Jan 17, 2009

Yippie I.P.A.

Yippie I.P.A.
O.G. 1.071
72 IBU
6.9% ABV

This is the third incarnation of the recipe which was the first of my brews that I very proud of. Don't get me wrong, up to that point in 2003 I had made plenty of good beer, but this one was a little better. This recipe is a little different than the first two times, but how different, I do not know. I lost the index card on which the original recipe was written, but I know it had European hops rather than the American varieties in this one (Simcoe, Centennial, and Amarillo).

1.18.09 -- (Brewday) I intentionally neglected to add all kinds of blogging notes while I was brewing. Promash is helping with that, especially since its settings provide the same deciphering as the equations I have been using. I pitched 2.25 gallons of yeast once the wort cooled to around 70 degrees. That is about all there is to report other than the fact that I am now using my new 50 watt aquarium heater which seems to be keeping up much better.
1.31.09 -- Measured gravity, and it measured 1.018. I added the dry hops and racked to secondary. Since there was extra beer in the primary, I also filled two 16 oz and two 12 oz bottles and added priming sugar. I added .5 teaspoon of cane sugar to the 12 oz bottles, and .75 to the 16 oz bottles.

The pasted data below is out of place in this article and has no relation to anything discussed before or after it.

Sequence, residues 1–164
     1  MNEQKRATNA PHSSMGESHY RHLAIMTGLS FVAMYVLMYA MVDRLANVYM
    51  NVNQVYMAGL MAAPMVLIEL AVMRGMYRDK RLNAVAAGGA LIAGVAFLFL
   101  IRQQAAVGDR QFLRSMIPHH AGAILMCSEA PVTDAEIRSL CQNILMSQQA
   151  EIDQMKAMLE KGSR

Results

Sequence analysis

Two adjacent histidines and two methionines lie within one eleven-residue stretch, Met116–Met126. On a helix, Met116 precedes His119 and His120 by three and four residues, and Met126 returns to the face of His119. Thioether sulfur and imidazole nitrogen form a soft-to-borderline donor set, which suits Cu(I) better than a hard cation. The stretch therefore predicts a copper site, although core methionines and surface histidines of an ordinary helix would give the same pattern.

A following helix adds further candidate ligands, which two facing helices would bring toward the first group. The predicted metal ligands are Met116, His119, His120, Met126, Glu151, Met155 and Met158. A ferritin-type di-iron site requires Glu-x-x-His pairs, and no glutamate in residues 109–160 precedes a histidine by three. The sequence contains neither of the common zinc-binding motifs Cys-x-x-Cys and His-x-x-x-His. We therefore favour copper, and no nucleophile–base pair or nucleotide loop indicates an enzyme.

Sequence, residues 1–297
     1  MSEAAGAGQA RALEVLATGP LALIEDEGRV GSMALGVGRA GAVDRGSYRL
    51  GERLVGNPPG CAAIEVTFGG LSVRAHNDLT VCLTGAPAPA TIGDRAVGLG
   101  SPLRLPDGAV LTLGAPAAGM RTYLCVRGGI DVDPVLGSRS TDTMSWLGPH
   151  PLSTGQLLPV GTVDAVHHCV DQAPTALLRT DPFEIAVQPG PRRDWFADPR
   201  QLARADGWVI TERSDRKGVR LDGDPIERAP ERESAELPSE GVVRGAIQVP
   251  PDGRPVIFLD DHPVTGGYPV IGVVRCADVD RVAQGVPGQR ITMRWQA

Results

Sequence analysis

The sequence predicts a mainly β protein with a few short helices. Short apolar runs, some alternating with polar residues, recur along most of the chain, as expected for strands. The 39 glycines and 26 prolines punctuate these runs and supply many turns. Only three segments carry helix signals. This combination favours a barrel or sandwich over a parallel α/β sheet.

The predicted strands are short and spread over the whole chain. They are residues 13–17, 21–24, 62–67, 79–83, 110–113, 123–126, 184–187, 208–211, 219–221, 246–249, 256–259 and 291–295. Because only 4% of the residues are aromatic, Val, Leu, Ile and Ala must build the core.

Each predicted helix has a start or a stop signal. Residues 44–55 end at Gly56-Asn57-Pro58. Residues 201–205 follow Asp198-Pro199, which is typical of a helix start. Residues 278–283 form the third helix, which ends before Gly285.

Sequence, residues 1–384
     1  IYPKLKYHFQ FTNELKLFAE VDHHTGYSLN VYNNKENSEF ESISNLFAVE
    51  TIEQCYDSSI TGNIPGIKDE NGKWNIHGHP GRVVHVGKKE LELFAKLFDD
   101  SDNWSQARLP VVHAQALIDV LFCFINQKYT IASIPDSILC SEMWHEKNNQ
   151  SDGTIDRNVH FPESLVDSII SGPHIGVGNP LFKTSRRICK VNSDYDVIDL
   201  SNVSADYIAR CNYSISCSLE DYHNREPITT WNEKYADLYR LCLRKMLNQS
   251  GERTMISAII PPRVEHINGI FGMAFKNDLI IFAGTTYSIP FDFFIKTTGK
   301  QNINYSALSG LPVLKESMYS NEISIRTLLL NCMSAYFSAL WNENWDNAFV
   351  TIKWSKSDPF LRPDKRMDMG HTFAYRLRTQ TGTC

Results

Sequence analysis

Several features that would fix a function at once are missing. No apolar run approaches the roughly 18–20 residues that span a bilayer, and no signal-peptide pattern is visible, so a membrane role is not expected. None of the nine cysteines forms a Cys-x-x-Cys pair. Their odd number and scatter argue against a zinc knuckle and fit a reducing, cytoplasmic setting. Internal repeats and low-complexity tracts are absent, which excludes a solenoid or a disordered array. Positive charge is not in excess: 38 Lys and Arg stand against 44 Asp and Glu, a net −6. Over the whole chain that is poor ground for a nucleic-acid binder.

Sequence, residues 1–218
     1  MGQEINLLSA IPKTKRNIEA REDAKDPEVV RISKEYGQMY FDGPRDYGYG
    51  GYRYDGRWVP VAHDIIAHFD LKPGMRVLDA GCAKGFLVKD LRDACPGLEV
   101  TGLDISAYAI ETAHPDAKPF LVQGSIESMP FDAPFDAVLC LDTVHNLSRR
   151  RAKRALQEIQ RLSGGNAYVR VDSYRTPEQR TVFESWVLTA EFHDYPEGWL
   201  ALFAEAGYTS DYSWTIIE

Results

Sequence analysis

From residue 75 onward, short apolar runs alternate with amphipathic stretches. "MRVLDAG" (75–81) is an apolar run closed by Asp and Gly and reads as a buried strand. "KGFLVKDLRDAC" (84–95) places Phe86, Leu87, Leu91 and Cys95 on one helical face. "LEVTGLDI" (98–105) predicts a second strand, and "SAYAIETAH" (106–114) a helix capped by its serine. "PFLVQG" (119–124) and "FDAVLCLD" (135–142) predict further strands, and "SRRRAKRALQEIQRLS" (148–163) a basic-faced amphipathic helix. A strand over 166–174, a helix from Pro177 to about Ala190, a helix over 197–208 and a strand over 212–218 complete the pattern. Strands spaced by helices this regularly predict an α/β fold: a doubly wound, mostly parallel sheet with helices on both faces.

2.20.09 -- Drinking the first of the bottle conditioned samples, and it is excellent. The hop profile is both citrusy (but not overly so (cat piss)) and earthy. It will be fun to compare these to the beer that is still in the secondary with the dry hop addition. Table sugar also primes beer very nicely.
3.10.09 -- Kegged.

4.22.09 -- The comparison between the dry hopped and the not dry hopped occured this past weekend, and in my opinion the beer without the late addition was a bit better. The beer with the 2 oz dry hops has a more aggresive (naturally) hop profile, and can be metallic tasting at times. I am pretty sure this is because of the Amarillo addition. Overall, the beer is quite good; the color is nice; the malt stands up to the hops, and it is most drinkable.